While final election tallies Monday showed Bao Nguyen beating incumbent Garden Grove mayor Bruce Broadwater by 15 votes, and Costa Mesa’s Jim Righeimer re-elected by just 47 votes, the battle for these two seats may not be over yet, as the losing candidates have yet to decide whether they will seek a recount.

After County Registrar of Voters Neal Kelley certifies the election results Tuesday, candidates have five days to submit a request for a recount.

Broadwater, 76, did not say Monday night whether he would seek a recount. Costa Mesa candidate Jay Humphrey, who was challenging Righeimer for the second council slot available on the ballot, said he was weighing his options.

Any voter can request a recount, but they are also responsible for paying the cost. Kelley estimated a recount in Garden Grove or Costa Mesa would cost $1200 per day for 8 people to count votes, over five to seven days.

During a recount, two panels of four people tally votes separately and compare their counts.

According to Kelley, prior to 2008, candidates were more likely to pick up extra votes in a recount because of laws on ballot irregularities at the time.

The county has conducted a dozen recounts since 2004, Kelley said.

“The difference was, if you marked your ballot with your name or phone number it would invalidate your vote. In a recount, you would physically see [the marks], and you invalidate that vote.

After those standards changed, candidates are now less likely to pick up additional votes in a recount, Kelley said.

Still, the election can still be contested based on how one interprets a ballot. Many candidates who request a recount often hire a lawyer to supervise the process.

“Let’s say you have a situation where a voter circles a name, crosses it out, puts an arrow, then circles again — that’s where you have to make those interpretation calls, but those are few and far between,” Kelley said.

The Registrar of Voters has final call on election results, although after a complete recount is done, candidates can challenge the results in court.

“We do everything we can to err on the side on the voter,” Kelley said.

Garden Grove: Six-Term Mayor Defeated

The close race in Garden Grove seemingly speaks to a political upheaval that has been unfolding over the past year as Broadwater faced blistering criticism over the hiring of his son Jeremy as a firefighter.

While Broadwater, a 22-year councilman and mayor, has touted his experience and chops as a fiscal guardian for the city, that message was largely overshadowed in the campaign by the allegations of nepotism and favoritism.

Although Garden Grove has had several Vietnamese American councilmembers — including GOP heavyweight Van Tran and soon-to-be State Senator Janet Nguyen, Bao Nguyen will be the city’s first Vietnamese American mayor.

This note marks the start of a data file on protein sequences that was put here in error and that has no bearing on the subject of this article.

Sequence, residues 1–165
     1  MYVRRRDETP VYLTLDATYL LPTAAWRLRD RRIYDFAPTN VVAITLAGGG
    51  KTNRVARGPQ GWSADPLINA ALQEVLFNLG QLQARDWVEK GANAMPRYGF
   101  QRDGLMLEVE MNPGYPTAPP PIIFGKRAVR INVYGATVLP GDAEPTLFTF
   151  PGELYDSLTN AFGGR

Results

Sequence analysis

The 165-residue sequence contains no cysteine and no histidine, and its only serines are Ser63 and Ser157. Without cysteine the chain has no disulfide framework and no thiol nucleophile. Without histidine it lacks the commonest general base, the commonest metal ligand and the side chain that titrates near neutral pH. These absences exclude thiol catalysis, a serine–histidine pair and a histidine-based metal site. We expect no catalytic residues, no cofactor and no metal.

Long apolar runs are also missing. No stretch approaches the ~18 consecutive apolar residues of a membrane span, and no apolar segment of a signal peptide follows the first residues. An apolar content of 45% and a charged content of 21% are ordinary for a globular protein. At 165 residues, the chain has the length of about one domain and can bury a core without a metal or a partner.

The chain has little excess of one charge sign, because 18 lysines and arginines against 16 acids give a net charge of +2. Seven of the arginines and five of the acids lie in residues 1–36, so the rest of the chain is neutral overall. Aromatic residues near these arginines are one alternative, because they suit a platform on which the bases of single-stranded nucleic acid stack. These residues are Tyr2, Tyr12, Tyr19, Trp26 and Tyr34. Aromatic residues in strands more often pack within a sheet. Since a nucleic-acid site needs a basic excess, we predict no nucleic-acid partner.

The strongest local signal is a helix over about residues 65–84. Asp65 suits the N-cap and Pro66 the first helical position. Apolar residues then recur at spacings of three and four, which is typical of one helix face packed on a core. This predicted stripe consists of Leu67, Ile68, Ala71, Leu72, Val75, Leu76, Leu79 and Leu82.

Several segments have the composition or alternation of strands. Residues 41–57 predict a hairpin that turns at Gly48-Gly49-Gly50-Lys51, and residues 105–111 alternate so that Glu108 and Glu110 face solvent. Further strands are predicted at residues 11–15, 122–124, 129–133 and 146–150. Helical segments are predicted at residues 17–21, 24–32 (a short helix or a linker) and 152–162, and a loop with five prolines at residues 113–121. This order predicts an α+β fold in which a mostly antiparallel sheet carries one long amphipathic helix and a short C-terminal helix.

Nguyen, a Garden Grove school board trustee who works for a home care workers union, also marks a generational shift in city politics. The 35-year-old progressive campaigned on generating more jobs for recent college graduates, among other issues.

“I hope that [my election] inspires the next generation of leaders to see politics as a vehicle for change, and to participate in elections, especially local elections,” Nguyen said Monday night.

In a press release issued shortly after the final tally was posted, Nguyen thanked Broadwater for his service and said he would focus on “instituting common sense reforms and changing the culture at City Hall to be more transparent, efficient, and inclusive.”

Costa Mesa: Embattled Mayor Survives By A Hair

In Costa Mesa, Righeimer was re-elected by just 47 votes, coming in second to candidate Katrina Foley.

Righeimer’s first term in office was controversial and often acrimonious, as he led a newly-elected council majority sought to outsource 18 city services to reduce the city’s spending on public employee compensation and pensions.

This year, Righeimer ran as the incumbent mayor – a slot that is rotated among council members and usually comes in handy during election years.

Yet Monday night, a thin lead in votes had Righeimer somewhat sobered.

“This was clearly a 50-50 election. The voters are very split and as an elected official who is a leader in the community you have to listen to that and adjust accordingly,” Righeimer said. “I’m very open to working with Katrina Foley. I think the first thing you do is find out what you agree on, and get that done.”

Humphrey, his opponent, said he would decide over the next few days whether a recount would be “serve the best interests of the public.”

“I’ll be relieved when it’s finally certified,” Righeimer said.

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